Hey readers, I know it’s been a while since I’ve posted here. Not because I’ve been falling down on the movie watching gig. Far from it. Think I’m up to 455 as of this writing. You should follow me on Letterboxd (@hammervision) – I’m very active there!
Anyway, it’s been a great year for movies, especially compared to 2020, so it was quite easy to fill up my list. Let’s get to it.
Honorable Mentions: The Suicide Squad, King Richard, No Time to Die, The Beatles: Get Back, Last Night in Soho, Spider-Man: No Way Home, Nobody, The Last Duel, Raya and the Last Dragon, I’m Your Man, Annette, House of Gucci, Red Rocket, tick, tick…Boom!, Bad Trip, and The Worst Person in the World.
10. CODA (Apple TV+). A familiar tale told from a different perspective. This Sundance fave plays just as well outside of the festival. The four central performances by the actors playing the Rossi family are each terrific and Oscar-worthy. A sentimental tearjerker that certainly jerked some tears from me in the final 30 minutes. Also made me want to revisit The Perfect Storm, for some reason.
9. WEST SIDE STORY (in theaters). Never doubt Spielberg. Apparently it was a great idea to remake a Best Picture-winning classic. Has some of the same fundamental story flaws as the original but, amazingly, is just as good if not an improvement in almost every way. Spielberg was born to direct musicals, with camera movement and framing that captures all of the song and dance numbers in widescreen glory, and his love for this particular one is evident in every frame.
8. THE MATRIX RESURRECTIONS (in theaters and HBO Max). Inventive, meta take on the Matrix-verse, and a clever commentary on the state of the film industry and IP nostalgia bait. Not the Matrix sequel many may have expected, but it’s exactly the one we needed. Lacks the jaw-dropping action set pieces of the original trilogy, but stuns and surprises in other ways. It may have divided audiences, but I loved it!
7. THE MITCHELLS VS. THE MACHINES (Netflix). Another home run from producers Lord & Miller (Spider-Man: Into the Spider-Verse, Cloudy with a Chance of Meatballs), who seem to have become synonymous with stellar feature animation at this point. Heartfelt and hysterical, the movie keeps one-upping itself as it goes along. An instant classic and, for my money, the best animated film of the year by a mile.
6. MALIGNANT (iTunes or HBO Max). So good and so bonkers in so many cult classic ways that I had to watch it again immediately after it was over. The last 30 minutes do NOT disappoint. The score thumps and the twists tickle the pleasure center of the brain. A perfect midnight movie.
5. THE HARDER THEY FALL (Netflix). Coolest movie of the year. The cast is ridiculously stacked and, within the first 5 minutes, Jeymes Samuel establishes himself as a huge talent. If he can imbue the same kind of style, musical flair and confidence in other genres as he does here with the Western, then watch out moviegoers – you’re in for a treat.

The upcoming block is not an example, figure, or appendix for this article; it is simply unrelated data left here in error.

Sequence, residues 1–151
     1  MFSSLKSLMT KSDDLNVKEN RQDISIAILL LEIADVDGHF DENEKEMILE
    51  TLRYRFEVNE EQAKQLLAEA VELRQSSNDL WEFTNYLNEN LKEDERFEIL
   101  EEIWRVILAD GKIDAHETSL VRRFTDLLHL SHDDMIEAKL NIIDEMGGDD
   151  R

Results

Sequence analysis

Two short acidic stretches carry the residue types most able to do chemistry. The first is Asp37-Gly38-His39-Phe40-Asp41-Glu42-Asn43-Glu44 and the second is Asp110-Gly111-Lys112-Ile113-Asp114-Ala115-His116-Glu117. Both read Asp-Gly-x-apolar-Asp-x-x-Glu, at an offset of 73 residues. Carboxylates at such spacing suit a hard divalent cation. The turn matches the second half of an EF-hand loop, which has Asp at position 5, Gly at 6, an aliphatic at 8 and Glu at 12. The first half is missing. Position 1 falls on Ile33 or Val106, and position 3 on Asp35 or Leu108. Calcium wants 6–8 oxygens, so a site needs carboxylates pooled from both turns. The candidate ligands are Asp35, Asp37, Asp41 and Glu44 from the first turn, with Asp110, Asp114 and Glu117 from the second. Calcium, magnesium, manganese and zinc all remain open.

4. BARB & STAR GO TO VISTA DEL MAR (Hulu). Unbelievably funny. Best comedy since 2016’s Popstar: Never Stop Never Stopping. If you’re looking for the next comedy classic, in the mold of such absurdist gems as Zoolander and Austin Powers, look no further. This is the kind of comedy that gets memed and quoted ad nauseum, and will be discovered and appreciated for years to come. I laughed to tears at least 3 times. Comedies this good come around once or twice a decade. Don’t sleep on it.
3. BO BURNHAM: INSIDE (Netflix). Does this count as a movie? Don’t care. I’m treating it like one. Perhaps the best piece of art to come out of the pandemic and one of the most invigorating comedy specials I’ve ever seen. Between this and Eighth Grade, Bo Burnham proves he’s got dare-I-say visionary directing chops to spare. Inside is a love letter to creativity and a sobering reminder to care for your mental health. The songs are instantly catchy and often hilarious (“White Women’s Instagram” is quite the jam).
2. DUNE (iTunes). Liked it, but still had to process after first viewing in theaters. Saw it again in theaters a few days later – verdict? Impressive, most impressive. Puts the Lynch version to shame. Yet, as technically proficient as it is, it still left me a bit emotionally cold. I couldn’t shake it though. Saw it a third time on HBO Max, and everything clicked. The scope, the scale, the world building, the sheer PRODUCTION of it all. Big-budget sci-fi actioners don’t get much better than Dune. The kind of movie that improves upon subsequent viewings – my favorite kind!
1. LICORICE PIZZA (in theaters). You know that feeling you get when you realize you just saw the best movie of the year? Yeah, that’s Licorice Pizza. Alana Haim gives my favorite performance of 2021. P.T. Anderson directs with such effortless command of the craft. It’s his warmest film yet – full of choice moments, memorable supporting performances, and a rollicking soundtrack. I got major Once Upon a Time in Hollywood vibes, which certainly didn’t hurt either. In a year full of great movies, Licorice Pizza ends it on an exhilarating high.